There is a huge range of gin liqueurs (20%), all different colours and flavours. It’s a veritable sweet shop of choice with around 40 to choose from. She splits them into two sections, the traditional sweet based ones and the Heritage fruit ones, some with a little more spice involved.

She has some willing volunteers to help her decide on the winning combinations of flavours. The Climpy Gin Club, which is a lucky band of locals, family and friends, meet every couple of months and give Jenny some honest feedback about her new flavours, I’m guessing there’s a waiting list to join up.

She has just had a successful Christmas on the sales front with her gift hampers and with her eight-year-old daughter Catherine’s creative help by making little hats for the bottles which went down a treat with customers.

Jenny has a head full of ideas and it seems the infectious energy to make it happen. She has some more gin festivals in mind, there is a few hotels in the area now stocking her gin; she is aiming to get her gin into some of the Scottish restaurants in London; and she has been in talks with chefs who want a specific gin based liqueur to use in speciality desserts.

Up until now, Jenny has had to buy in her botanticals, but she has been talking with Dorothy Thomson of Glenbield Farm, who can grow 11 of the 13 botanicals that Jenny uses. She has received a grant through Connect Local Funding, which will cover the cost of installing raised beds at Dorothy’s so that she can be using locally grown botanicals in her production.

This year the ideas are flowing. She has an idea to produce a honey berry gin in the summertime, which she tells me tastes amazing. And Jenny has more stockists in mind that she wants to target. Initially, she thought that farm shops would be the ideal place for her gin, but found that, surprisingly, lots of them don’t have drinks licences.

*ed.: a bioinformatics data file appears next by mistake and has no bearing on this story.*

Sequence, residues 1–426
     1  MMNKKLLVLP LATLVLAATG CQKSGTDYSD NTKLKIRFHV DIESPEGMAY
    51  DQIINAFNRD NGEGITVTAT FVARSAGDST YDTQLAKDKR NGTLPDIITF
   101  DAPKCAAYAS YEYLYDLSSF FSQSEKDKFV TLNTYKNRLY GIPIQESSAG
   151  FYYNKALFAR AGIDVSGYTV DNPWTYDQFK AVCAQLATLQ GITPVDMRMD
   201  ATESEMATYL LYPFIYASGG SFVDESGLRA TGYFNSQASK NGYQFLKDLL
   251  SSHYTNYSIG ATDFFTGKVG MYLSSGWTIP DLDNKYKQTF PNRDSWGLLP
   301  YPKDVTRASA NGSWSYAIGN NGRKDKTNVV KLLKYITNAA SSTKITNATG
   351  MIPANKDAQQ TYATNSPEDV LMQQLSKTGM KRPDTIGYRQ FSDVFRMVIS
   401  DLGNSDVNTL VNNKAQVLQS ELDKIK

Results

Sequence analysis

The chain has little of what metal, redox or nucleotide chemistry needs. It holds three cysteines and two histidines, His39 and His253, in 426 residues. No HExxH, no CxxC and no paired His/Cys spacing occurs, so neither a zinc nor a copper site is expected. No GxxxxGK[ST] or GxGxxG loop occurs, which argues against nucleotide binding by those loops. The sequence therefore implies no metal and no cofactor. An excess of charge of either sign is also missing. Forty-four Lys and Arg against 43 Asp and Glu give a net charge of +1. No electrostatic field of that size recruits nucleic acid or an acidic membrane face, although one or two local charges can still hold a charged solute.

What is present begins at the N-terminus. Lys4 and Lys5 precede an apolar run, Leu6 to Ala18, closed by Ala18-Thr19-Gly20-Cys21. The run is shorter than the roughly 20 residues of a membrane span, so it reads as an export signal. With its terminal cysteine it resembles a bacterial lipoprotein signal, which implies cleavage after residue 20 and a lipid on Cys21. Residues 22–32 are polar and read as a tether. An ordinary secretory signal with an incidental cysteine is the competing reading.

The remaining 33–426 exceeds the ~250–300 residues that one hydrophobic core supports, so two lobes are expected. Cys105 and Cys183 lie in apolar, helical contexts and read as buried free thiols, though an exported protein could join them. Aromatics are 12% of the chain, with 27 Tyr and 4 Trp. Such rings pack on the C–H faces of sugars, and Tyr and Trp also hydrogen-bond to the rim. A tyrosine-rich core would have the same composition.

She has a real twinkle in her eye when she talks about the possibilities at The Wee Farm Distillery.

When Jenny and Stephen take time to think about how their last couple of years have turned out, she says that she is really pleased by what they have accomplished. They are first generation farmers, they have established their beef and sheep enterprises, put up their own sheds, built a distillery, increased throughputs in Stephen’s fencing business, and she is a finalist in two categories of the upcoming Scottish Rural Awards; in the business start up section and the diversification section.

She has had tremendous help from her local community and she says she is astonished by the amount of talent that surrounds her. She says: “The skills on my doorstep is unbelievable. It’s a great feeling to know you have a good community at the back of you here in Lanarkshire.”

Her branding has been skilfully created by (ArtiAnne) Anne Anderson, who has been a great help to her. But the hard work of bottling and labelling every bottle is done by hand, by Jenny.

She finishes by telling us that she doesn’t feel like she is working at all, as she enjoys it so much. “I’m having a great time making good honest, Scottish gin.”

For more information go to: www.theweefarmdistillery.co.uk.


The distillery is open on Saturdays for sales, pick ups. Online ordering is in the process of being set up.

Prices: Gin Liqueurs 20cl £10.00, 50cl £22.00

Drovers 20cl £14.00; 70cl £36.00

Farmers strength 50cl £36.00.